We are interested in understanding how regional land use/land cover change as well as global climate change may impact society through changes in the patterns of water availability, extreme weather, and spread of vector-borne diseases. We develop sophisticated numerical models (MIT Regional Climate Model (MRCM); and the Hydrology, Entomology and Malaria Transmission Simulator (HYDREMATS)) that are used for predicting such impacts at regional scales. We test these models against satellite observations and archived data sets of hydrologic and atmospheric variables, as well as data collected in our own field campaigns.

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Schematic of HYDREMATS

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Schematic of MRCM



Research in Eltahir group developed a theory defining the role of vegetation distribution, as a lower boundary for the atmosphere, in shaping the dynamics of monsoons, exposing a coupled natural system that enjoys multiple equilibriums under the same forcing, and used that theory to predict and explain the impact of human activities such as deforestation, irrigation, and desertification on rainfall distribution in Africa.

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Response of the biosphere-atmosphere system to vegetation perturbations

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The annual rainfall in the Sahel

However, the ocean, and not vegetation, is the lower boundary of the atmosphere for most of the Earth. This important role of the ocean was apparent in our discovery of the connection between natural variability in the Nile flow and the oceanic phenomenon of El Nino. We used this connection to predict how climate change may impact the Nile floods in the future, as well as in development of a new methodology for seasonal prediction of the Nile flow. This methodology has been adopted for operational use in the region.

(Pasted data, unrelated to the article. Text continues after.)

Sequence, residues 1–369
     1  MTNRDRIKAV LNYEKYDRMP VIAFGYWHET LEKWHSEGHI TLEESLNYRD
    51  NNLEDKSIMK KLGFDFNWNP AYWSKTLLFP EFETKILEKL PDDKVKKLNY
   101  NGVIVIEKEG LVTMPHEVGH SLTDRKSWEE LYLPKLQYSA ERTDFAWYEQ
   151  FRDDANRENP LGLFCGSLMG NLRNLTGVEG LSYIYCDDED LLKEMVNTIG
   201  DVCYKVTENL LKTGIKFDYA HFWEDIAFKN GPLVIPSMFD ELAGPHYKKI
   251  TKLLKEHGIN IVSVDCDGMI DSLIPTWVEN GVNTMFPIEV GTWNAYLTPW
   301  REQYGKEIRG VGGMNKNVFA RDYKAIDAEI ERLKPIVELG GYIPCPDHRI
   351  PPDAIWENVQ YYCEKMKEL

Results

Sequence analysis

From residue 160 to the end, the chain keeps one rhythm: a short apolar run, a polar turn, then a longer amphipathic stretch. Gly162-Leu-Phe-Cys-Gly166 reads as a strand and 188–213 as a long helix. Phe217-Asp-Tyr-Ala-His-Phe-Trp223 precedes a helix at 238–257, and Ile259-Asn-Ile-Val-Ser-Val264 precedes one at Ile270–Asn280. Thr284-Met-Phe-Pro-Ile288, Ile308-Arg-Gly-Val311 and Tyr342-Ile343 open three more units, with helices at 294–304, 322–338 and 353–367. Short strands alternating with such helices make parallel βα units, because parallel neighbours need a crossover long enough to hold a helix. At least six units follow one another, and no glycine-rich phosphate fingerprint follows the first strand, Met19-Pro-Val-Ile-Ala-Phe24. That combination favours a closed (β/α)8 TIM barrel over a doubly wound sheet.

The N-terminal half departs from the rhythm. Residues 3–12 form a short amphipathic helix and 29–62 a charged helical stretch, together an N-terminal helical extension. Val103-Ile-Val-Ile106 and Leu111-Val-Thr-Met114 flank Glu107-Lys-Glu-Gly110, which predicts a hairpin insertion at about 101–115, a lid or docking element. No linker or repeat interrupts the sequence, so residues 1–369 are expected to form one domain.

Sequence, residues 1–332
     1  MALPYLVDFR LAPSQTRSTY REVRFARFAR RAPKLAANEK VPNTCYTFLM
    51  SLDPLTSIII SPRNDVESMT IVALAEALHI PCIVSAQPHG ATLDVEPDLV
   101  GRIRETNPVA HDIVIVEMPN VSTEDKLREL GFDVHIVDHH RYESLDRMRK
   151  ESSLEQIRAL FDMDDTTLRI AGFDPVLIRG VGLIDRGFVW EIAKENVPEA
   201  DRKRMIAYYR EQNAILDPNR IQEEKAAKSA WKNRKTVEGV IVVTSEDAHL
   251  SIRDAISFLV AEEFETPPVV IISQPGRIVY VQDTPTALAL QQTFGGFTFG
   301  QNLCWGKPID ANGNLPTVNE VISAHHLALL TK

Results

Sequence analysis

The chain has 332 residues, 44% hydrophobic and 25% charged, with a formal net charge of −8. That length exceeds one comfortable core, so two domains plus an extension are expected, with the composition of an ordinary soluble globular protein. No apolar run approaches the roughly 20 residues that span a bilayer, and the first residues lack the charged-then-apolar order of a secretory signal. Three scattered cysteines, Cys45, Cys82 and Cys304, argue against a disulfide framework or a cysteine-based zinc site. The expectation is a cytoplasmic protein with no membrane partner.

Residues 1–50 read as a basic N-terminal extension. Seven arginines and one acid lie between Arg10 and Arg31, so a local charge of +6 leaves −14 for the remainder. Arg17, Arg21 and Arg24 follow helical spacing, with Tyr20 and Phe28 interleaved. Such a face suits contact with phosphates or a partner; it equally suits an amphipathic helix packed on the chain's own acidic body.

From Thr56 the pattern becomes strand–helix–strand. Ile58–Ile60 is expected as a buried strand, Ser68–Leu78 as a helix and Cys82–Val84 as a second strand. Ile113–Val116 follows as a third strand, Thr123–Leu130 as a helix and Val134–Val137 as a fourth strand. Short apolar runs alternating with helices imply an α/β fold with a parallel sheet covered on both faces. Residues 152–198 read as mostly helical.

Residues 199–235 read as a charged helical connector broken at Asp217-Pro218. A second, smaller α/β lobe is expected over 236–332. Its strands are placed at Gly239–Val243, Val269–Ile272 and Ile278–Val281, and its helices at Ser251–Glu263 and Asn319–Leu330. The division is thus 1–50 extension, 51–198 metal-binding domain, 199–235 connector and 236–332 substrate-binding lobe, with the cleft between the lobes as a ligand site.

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The relation between the annual Nile flow and ENSO 1872-1972

Eltahir group established and maintained long-term field sites to study the ecology of malaria transmission in several African villages. Research in this group resulted in improving state-of-the art tools for planning environmental management of this disease under the current climate, and projected a less worrisome future for malaria in West Africa than suggested by previous studies.

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More recently, we identified the “hottest” spot on Earth: the area around the Persian Gulf, and predicted that habitability of this region will be severely impacted in the future due to deadly summer heat waves that can be triggered by global climate change. This work received exceptionally broad media attention (Altmetric index of 1390), suggesting a significant role in shaping the global public policy debate about global climate change.